“People are at the mercy of the dollar and I think that’s a very dangerous mindset for us as a society to get to, where the dollar is more important than the human being.

“And I know I’m sounding really naive. I know that I’m simplifying something incredibly complex. But at the end, when you boil everything down, it’s a matter of human decency. So what do you believe in? What do you want to see change? And then you have to embody that change in your own life because that’s the only power you have as a human being, and that’s how I wish to move forward in my life.”

I note that it’s encouraging to hear an industry icon like Shirley putting hope and faith in the next generation, as all too often, people in her position look down on the youth of today – particularly young artists.

The Garbage lineup of Shirley, Duke Erikson, Steve Marker and Butch Vig.

She gets why other artists do it. It comes down to self-preservation and the idea that each generation has it easier than the one before it.

“It’s a way of protecting your own ego and also the value of your work and I understand. I just personally am turned on by watching young people and their environment and their struggle which is so different from mine. Everybody has struggles, just different ones. And my hope for the human race is with the young ones, because Lord knows we’ve had our chance. We had our chance to change the world and we didn’t do it. Not to the extent that maybe we hoped for when we were young. So now another generation gets a chance to have at it and change the world and I find that really exciting.”

We’ve all got our work cut out for us though, and that’s something Shirley is all too aware of. With changes happening globally around diversity, representation and justice, the superstar knows as well as anyone that it’s just the beginning.

As a feminist icon in the music world, she’s forever being asked about the state of the industry in its treatment towards women. Usually, artists will talk about the small improvements over the years, their hope for the future and their confidence that we’re at least headed in the right direction.

Usually, they’ll take the diplomatic approach. “But we don’t have time for that anymore, do we?” Shirley sighs.

She has no problem admitting she’s not seen much improvement at all in how women are treated – not just in the music industry, but in her lifetime.

“I mean, the music industry is merely a microcosm of society, right? So whatever is happening in the music industry is happening elsewhere and vice versa. So the bigger question is what’s happening with sexism and misogyny and sexual assault and domestic abuse in our culture and our society at large? The statistics are still through the roof.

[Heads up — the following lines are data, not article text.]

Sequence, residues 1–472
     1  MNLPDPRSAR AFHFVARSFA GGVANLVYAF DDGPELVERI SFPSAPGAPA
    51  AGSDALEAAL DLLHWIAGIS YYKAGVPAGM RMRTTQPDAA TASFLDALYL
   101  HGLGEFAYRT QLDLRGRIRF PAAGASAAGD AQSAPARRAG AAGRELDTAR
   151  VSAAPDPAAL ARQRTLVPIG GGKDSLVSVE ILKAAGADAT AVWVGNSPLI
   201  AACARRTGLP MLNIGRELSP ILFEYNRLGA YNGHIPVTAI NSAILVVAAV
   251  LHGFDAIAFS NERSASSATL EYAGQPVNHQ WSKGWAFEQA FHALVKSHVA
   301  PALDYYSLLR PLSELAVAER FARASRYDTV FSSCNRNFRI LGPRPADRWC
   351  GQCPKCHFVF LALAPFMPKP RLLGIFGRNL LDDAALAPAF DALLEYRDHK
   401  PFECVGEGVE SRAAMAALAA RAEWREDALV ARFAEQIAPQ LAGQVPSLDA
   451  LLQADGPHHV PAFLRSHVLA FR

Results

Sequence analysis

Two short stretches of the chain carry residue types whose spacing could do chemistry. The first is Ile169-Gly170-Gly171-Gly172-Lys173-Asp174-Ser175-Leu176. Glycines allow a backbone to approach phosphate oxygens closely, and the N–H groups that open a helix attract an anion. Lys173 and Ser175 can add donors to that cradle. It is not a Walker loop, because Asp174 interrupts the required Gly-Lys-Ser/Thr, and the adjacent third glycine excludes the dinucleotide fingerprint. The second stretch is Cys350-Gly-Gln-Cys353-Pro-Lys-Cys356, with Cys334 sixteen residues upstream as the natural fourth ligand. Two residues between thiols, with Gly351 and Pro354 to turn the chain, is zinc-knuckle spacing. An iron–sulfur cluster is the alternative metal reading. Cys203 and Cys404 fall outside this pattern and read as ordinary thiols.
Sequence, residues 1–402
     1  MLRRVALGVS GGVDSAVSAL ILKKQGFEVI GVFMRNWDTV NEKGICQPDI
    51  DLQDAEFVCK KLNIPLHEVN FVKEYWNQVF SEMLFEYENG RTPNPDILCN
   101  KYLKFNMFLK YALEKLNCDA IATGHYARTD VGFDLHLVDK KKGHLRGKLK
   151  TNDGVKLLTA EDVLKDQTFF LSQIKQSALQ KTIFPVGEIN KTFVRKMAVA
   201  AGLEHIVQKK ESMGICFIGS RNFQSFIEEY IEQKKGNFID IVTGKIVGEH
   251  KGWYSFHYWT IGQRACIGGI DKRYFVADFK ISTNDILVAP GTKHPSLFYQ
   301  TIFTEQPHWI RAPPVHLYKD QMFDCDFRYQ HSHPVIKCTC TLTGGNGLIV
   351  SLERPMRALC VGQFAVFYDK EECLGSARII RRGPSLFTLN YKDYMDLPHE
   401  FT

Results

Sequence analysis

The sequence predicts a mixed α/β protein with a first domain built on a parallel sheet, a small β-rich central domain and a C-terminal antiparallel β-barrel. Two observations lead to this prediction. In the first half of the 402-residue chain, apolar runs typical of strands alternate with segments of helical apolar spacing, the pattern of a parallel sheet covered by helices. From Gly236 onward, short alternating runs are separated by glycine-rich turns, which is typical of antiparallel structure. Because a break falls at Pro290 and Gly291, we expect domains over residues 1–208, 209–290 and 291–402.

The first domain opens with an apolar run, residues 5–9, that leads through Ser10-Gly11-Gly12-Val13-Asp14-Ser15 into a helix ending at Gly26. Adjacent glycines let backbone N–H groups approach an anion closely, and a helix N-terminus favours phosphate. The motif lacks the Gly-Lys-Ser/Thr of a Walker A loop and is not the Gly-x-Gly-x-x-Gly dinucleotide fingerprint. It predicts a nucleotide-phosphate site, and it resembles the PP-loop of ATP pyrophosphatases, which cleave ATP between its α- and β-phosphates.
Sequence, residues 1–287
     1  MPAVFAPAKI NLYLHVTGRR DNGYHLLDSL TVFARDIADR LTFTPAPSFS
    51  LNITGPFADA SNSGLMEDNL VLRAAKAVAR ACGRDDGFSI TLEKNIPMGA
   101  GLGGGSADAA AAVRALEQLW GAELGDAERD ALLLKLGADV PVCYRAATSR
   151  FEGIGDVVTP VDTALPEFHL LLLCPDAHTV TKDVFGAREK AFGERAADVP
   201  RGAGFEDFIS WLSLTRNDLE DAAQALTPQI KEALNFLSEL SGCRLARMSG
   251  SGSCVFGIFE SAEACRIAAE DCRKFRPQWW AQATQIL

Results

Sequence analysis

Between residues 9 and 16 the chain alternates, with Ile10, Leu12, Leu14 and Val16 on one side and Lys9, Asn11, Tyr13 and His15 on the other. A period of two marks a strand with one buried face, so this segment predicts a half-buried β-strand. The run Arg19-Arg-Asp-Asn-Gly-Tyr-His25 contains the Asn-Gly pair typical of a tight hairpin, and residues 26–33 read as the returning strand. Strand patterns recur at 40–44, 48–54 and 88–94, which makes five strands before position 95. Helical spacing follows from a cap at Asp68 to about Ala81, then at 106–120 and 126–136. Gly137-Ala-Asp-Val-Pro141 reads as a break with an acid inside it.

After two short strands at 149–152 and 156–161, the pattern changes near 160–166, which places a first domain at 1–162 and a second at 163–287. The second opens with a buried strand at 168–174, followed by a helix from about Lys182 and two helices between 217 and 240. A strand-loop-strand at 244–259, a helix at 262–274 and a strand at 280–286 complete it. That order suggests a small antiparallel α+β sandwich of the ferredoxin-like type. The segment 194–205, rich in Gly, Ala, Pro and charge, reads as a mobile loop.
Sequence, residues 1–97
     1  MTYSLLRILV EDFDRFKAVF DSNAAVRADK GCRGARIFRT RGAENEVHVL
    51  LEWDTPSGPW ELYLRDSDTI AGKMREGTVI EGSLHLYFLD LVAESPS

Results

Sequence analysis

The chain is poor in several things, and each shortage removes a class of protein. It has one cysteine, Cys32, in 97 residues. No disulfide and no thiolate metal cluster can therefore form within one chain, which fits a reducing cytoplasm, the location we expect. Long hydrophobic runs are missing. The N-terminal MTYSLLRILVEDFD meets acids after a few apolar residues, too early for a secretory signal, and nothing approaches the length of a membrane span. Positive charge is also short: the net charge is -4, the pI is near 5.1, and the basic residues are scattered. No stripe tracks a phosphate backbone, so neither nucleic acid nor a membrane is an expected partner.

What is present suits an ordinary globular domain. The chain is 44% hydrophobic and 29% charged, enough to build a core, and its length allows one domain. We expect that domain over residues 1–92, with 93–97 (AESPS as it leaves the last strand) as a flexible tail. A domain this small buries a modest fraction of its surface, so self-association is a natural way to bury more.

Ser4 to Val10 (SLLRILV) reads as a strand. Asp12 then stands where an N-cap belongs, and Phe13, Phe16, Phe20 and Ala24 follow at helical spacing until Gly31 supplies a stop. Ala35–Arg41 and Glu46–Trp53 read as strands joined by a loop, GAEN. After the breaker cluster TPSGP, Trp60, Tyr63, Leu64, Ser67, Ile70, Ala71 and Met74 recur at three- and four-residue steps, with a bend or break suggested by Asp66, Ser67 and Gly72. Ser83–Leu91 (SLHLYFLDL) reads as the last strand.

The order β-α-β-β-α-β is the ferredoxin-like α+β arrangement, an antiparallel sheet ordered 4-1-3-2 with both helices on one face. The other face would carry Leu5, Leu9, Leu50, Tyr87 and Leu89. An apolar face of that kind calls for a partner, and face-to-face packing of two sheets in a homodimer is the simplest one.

“I resent that the mainstream media has not supported women in the way I would like to see them do. I feel like there’s still a lot of finger pointing and victim blaming and it offends me deeply,” she states.

In particular, she says she’s “amazed and dismayed” by the lack of male voices in such conversations.

“I’m fed up with this being couched as a female problem because I really feel this is a male problem; this is violence perpetrated by men. The statistics speak to an alarming amount of men in our society who are violently raping and/or casually being sexist, beating women and/or just casually harassing women. I’m offended by it, I want to see change, but until men join in with this conversation, until they are the ones that hold other men accountable, I don’t care how many laws are written into the industry, or how many governing bodies are created, it’s not going to make a f***ing damn difference.

“We need to change the way we educate our children. It needs to start with educating parents about how they rear their kids – male and female – and then we have to look at the education systems. But something has to give. Something really has to change. And I would like to start with pointing the finger at the male members of our society. This one is laid right at all of your feet, whether you participate in abuse or not. This is a male problem.”

That’s another aspect of what the new album is about; it’s unapologetically pointing fingers where they need to be pointed, shaking off diplomacy and niceties and demanding some type of action, from others, as well as herself.

At the end of the day, what this album is about is Shirley setting down her place in the conversation.

Shirley, performing here at Glastonbury in 2005, can’t wait to share the new album with live audiences.

“It’s definitely noting, for the record, my absolute disillusionment with how things are run,” she explains. “It’s noting for the record that I resent racism and I resent misogyny, I resent xenophobia, etc, etc.

“And you know, there’s something really relieving about leaving a public record behind like, ‘This is where I stood in this moment, where did you f***ing stand?’”